Amazon and Uber, surprisingly, are happy to be working with each other. Normally they’re competitors (both have food-delivery services, for instance), but here their needs are aligned: Both want an autonomous, electric vehicle to move things around. Toyota has also promised to keep the e-Palette “open.” That means Uber should, in theory, be able to plug its own autonomous-driving software into the MSPF and keep a crucial edge over its ride-hailing rivals. “That was a big deal for them,” Merckling said.
At the moment, Toyota is planning to build the e-Palette in three sizes: small, medium and large. They’re all the same width and height — only the length varies between vehicles. Merckling stressed, though, that this could change in the future. In fact, almost everything about the project could change as Toyota consults further with the e-Palette alliance. The company isn’t sure, for instance, what its final business model will be. It could sell the pods to companies or have a fleet that businesses are able to dynamically hire, customize and then return throughout the day. “Right now we’re open to everything,” Merckling said.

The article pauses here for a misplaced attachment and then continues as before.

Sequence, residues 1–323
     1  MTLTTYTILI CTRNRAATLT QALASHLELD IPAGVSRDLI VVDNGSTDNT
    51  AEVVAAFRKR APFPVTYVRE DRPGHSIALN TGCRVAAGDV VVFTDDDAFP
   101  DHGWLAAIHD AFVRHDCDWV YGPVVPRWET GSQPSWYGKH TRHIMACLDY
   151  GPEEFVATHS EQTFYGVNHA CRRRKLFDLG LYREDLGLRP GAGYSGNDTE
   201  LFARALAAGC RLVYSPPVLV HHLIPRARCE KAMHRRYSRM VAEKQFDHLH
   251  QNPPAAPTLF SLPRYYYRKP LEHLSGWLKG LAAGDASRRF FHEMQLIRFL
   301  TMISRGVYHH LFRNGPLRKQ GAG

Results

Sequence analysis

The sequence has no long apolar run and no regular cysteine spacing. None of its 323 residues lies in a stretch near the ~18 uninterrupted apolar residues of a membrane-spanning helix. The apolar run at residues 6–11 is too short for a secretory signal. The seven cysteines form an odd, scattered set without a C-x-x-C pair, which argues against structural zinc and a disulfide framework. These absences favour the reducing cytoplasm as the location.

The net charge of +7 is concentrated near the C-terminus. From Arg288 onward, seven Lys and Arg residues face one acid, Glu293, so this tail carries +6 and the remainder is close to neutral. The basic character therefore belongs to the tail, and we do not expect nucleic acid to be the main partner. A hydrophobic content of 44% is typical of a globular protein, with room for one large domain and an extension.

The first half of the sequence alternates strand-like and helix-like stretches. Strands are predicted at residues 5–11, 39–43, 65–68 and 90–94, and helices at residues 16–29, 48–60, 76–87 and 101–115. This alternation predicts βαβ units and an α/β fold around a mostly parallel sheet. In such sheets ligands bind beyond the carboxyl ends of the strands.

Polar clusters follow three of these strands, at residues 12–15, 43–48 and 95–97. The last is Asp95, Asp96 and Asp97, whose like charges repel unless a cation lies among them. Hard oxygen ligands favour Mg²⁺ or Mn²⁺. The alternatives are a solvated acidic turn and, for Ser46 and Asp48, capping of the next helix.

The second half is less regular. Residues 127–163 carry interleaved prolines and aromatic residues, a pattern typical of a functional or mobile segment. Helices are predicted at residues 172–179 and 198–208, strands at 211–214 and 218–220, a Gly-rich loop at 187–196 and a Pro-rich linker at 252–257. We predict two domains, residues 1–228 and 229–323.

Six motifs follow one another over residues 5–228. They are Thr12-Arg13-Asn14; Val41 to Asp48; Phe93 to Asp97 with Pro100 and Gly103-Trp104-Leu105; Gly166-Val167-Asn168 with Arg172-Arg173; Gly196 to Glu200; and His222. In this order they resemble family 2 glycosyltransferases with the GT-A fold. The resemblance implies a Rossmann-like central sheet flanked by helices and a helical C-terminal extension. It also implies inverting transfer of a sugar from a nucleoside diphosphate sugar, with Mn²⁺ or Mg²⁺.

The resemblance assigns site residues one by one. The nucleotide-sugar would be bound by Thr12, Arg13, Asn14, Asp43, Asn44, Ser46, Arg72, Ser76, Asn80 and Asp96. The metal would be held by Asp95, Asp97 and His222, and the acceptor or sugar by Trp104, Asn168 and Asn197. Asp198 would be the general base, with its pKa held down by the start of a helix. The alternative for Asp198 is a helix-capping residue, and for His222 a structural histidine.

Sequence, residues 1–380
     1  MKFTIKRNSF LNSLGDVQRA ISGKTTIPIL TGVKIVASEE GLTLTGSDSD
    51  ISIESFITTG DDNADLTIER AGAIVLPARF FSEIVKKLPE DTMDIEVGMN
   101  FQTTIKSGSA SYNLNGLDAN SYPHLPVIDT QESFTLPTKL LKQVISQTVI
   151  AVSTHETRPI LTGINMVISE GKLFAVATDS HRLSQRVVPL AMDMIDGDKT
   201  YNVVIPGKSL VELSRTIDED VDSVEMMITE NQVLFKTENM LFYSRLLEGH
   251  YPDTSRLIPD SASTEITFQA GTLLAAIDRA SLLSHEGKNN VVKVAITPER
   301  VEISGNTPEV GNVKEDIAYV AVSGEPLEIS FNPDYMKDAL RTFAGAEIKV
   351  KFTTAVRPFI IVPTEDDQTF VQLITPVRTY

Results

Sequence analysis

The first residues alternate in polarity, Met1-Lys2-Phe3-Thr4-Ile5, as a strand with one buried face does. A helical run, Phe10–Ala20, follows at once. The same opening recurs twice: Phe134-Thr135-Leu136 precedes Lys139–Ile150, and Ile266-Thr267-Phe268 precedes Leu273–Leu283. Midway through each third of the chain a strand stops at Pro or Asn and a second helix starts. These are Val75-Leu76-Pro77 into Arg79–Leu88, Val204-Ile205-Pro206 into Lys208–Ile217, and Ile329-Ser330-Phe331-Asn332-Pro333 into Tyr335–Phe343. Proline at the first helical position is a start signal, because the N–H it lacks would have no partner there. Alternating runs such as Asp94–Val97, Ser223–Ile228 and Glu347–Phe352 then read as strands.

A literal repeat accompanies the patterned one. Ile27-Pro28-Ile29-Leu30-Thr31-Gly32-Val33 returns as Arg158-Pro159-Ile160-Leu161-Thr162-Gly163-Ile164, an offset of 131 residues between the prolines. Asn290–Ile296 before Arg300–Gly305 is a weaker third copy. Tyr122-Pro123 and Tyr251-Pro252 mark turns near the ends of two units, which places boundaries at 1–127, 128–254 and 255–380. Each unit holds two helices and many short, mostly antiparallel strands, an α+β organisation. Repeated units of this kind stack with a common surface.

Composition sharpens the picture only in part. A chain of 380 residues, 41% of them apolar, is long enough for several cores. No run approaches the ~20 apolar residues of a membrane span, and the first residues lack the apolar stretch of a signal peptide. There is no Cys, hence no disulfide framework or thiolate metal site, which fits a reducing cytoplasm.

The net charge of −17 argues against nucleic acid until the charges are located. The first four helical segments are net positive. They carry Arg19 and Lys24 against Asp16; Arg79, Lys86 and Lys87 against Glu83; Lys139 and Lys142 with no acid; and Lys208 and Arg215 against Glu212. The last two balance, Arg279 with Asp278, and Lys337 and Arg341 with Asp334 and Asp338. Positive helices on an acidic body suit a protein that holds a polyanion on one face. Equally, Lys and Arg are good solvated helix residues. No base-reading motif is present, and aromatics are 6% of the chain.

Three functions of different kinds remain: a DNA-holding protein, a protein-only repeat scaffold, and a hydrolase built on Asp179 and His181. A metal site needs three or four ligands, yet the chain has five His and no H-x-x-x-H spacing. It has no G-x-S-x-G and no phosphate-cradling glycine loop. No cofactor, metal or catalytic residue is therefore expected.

There are challenges ahead. EV batteries, for instance, need to improve or the fleet will struggle to keep up with demand. Citizens and companies will request them — but all the pods will be stuck at chargers or unable to reach their final destination. To solve the problem, Toyota is working on flatter, higher-density “prismatic” batteries with Panasonic. “Further evolution, in terms of performance, price and safety, and the securing of stable supply capacity, are pressing issues,” Toyoda said when the pair announced their partnership last month.